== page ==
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Healthy Relationships: Healthy Friendships
Healthy FriendshipsA Message from Visitation School's Counseling Team:

Dear Parents and Guardians,

Happy New Year! The Counseling Team at Visitation recognizes that healthy friendships are vital to a positive school culture and are supported through our daily practice of Salesian Spirituality. However, as we know, friendships at all stages of our children's academic lives can be tricky and are ever changing.

This year our work on healthy relationships first addressed the topic of culture creation at Visitation. Students across divisions learned that they control school culture by how they treat each other. Conversations in October and November facilitated students learning about the role of emotions in their relationships. Additionally during these conversations, students learned about, then practiced, effective communication skills for use during their difficult times in friendships. In Middle and Upper School students learned about the Non-Violent Communication Method.

This month and next, our healthy relationships work will focus on healthy friendships. As we move into this topic parents of Middle and Upper School students may find it helpful to read the following articles: 11 Truths About Friendships Every Girl Needs to Know; and Talking to Teens About Friendships. Scientists from Charles Darwin to contemporary neuroscience researchers have found that human beings are wired for friendship. We all need to understand each other and treat each other with compassion and empathy to have healthy, happy lives. The Lower School students continue to learn ways to "stop, name your feeling and calm down." As parents, our role in helping our children develop friendships is critical. Here's an insightful article on this topic: How to help your child build healthier friendships and deal with the tetchy ones.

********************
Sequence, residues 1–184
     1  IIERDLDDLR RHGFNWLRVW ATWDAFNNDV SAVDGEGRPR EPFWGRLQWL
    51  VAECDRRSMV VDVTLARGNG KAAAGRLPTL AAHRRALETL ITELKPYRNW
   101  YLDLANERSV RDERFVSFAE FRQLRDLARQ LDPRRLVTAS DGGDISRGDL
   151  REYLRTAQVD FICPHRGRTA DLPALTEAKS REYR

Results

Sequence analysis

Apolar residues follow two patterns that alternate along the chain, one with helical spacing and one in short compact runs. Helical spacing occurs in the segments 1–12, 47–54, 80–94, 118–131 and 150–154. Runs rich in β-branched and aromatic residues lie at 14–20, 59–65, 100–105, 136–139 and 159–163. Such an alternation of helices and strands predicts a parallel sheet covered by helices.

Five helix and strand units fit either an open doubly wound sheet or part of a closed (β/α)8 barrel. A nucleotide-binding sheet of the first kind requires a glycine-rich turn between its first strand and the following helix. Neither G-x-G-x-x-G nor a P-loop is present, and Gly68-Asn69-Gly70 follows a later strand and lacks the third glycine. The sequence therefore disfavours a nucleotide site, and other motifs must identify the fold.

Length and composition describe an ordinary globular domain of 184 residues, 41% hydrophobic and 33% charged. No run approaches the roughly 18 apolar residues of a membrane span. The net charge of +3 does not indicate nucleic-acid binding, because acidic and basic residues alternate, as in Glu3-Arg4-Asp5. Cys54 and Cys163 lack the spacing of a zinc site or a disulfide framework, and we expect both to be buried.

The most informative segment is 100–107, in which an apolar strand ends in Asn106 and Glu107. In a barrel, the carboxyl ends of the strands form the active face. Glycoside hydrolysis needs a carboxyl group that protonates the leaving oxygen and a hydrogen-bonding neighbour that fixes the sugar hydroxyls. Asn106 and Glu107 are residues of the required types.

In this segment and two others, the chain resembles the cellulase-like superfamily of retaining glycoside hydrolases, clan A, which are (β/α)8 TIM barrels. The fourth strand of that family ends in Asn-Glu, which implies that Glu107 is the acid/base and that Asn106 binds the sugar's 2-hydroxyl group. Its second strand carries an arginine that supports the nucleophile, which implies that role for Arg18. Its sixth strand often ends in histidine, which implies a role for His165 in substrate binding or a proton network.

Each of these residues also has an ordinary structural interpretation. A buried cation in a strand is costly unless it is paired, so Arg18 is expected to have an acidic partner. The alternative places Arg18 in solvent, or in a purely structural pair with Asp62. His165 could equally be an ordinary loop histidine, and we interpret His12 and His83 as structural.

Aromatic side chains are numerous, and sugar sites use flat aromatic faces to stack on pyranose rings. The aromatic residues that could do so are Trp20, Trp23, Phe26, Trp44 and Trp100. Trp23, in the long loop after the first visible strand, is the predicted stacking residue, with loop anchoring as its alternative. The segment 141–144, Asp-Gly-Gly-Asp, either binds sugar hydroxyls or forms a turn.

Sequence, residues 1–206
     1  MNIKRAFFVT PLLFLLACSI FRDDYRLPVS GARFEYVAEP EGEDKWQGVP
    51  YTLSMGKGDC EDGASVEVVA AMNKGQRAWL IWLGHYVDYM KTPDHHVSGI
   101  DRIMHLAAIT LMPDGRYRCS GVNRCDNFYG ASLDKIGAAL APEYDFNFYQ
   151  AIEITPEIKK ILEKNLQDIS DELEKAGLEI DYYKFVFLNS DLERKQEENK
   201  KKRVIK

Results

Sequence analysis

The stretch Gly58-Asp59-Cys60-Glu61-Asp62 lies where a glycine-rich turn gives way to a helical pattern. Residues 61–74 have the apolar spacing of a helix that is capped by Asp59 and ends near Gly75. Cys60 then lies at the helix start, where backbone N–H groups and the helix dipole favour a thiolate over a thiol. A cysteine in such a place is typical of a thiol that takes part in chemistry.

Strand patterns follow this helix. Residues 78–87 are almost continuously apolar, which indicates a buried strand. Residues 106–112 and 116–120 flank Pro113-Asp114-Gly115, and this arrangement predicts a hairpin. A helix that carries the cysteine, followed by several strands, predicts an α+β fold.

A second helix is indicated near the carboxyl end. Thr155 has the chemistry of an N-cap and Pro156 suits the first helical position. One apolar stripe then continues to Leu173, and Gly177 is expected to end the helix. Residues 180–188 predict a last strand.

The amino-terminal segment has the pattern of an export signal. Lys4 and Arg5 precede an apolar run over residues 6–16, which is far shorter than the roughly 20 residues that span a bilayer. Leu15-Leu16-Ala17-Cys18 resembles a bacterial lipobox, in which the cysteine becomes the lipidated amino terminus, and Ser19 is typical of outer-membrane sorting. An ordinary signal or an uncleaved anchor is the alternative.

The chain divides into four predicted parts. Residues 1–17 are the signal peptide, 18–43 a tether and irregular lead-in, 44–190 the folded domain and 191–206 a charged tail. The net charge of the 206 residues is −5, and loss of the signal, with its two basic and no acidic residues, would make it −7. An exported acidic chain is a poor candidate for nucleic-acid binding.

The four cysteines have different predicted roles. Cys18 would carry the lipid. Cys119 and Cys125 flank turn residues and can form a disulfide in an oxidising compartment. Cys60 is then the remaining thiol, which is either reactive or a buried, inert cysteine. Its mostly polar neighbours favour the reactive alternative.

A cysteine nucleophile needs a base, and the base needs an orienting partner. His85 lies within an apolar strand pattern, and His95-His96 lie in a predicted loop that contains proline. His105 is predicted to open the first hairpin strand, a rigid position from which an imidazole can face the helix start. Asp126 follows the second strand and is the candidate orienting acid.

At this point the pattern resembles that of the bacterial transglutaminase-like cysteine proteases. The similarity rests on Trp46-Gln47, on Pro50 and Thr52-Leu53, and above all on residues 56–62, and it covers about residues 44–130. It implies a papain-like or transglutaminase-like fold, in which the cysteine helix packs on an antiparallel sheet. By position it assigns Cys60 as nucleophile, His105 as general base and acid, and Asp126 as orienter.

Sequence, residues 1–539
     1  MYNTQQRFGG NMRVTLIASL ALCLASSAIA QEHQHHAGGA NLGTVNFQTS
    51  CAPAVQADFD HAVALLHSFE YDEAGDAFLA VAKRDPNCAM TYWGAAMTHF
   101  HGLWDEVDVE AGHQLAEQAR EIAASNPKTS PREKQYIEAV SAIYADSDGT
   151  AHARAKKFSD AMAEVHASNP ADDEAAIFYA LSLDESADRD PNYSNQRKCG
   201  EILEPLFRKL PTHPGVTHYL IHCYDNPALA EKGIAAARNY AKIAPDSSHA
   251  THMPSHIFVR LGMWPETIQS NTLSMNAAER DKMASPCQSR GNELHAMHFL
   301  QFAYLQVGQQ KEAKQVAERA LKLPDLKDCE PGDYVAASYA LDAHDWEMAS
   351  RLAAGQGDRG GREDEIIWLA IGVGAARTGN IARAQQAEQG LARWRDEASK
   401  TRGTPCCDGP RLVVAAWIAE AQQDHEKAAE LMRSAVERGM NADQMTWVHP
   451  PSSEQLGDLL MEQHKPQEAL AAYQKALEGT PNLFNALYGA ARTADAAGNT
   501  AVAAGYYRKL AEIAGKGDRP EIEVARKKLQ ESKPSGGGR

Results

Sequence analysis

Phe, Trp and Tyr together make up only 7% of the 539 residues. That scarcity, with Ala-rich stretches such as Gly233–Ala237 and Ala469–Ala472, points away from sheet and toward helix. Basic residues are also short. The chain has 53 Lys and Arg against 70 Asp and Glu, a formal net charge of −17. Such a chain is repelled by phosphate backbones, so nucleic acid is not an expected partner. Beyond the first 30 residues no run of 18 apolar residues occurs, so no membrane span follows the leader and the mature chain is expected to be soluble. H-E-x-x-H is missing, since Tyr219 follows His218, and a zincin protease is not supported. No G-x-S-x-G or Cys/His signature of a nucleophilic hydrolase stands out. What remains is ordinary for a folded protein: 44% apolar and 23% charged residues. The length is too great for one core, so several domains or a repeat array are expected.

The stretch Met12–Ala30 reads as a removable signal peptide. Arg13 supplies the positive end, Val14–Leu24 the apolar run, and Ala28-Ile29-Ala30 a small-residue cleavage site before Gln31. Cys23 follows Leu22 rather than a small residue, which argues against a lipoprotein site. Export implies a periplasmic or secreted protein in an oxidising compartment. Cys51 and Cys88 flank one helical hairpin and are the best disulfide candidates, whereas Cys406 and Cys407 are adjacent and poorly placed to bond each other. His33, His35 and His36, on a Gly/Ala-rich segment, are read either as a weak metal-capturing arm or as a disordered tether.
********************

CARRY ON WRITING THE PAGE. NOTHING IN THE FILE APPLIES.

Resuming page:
Advisory time in Middle and Upper School will have age-appropriate lessons that discuss the traits of healthy relationships, identify behavior patterns of unhealthy relationships and describe the red flags of abuse in relationships. In addition to affirming their own inner resources, students will learn about available resources and support at school, home and in the larger community. Lower School students social-emotional lessons with Ms. Kelley will continue building self-awareness, self-management, social awareness and friendships skills.

For Upper School students we will be straddling this important content as it applies to both friendship and dating relationships. A difficult statistic that supports our work in this area is that one in three teens in the United States will experience physical, sexual or emotional abuse by someone they are in a relationship with before they become adults. Nearly half (43%) of college women report experiencing violent and abusive dating behaviors. For Upper School, a key website for students to visit this month and next is from the Love is Respect organization. This organization is a leader in the prevention of teen dating violence and offers extensive educational tools for students and educators alike.

We look forward to our conversations with our students and are grateful for your partnership and trust. Please be in touch with any questions or concerns about this topic.

Dr. Jules Nolan, School Psychologist
Anne Gimpl, Lead US Counselor
Elisha Schaibley, US Counselor
Julie Linscheid, MS Counselor
Kelley Stoneburner, LS Counselor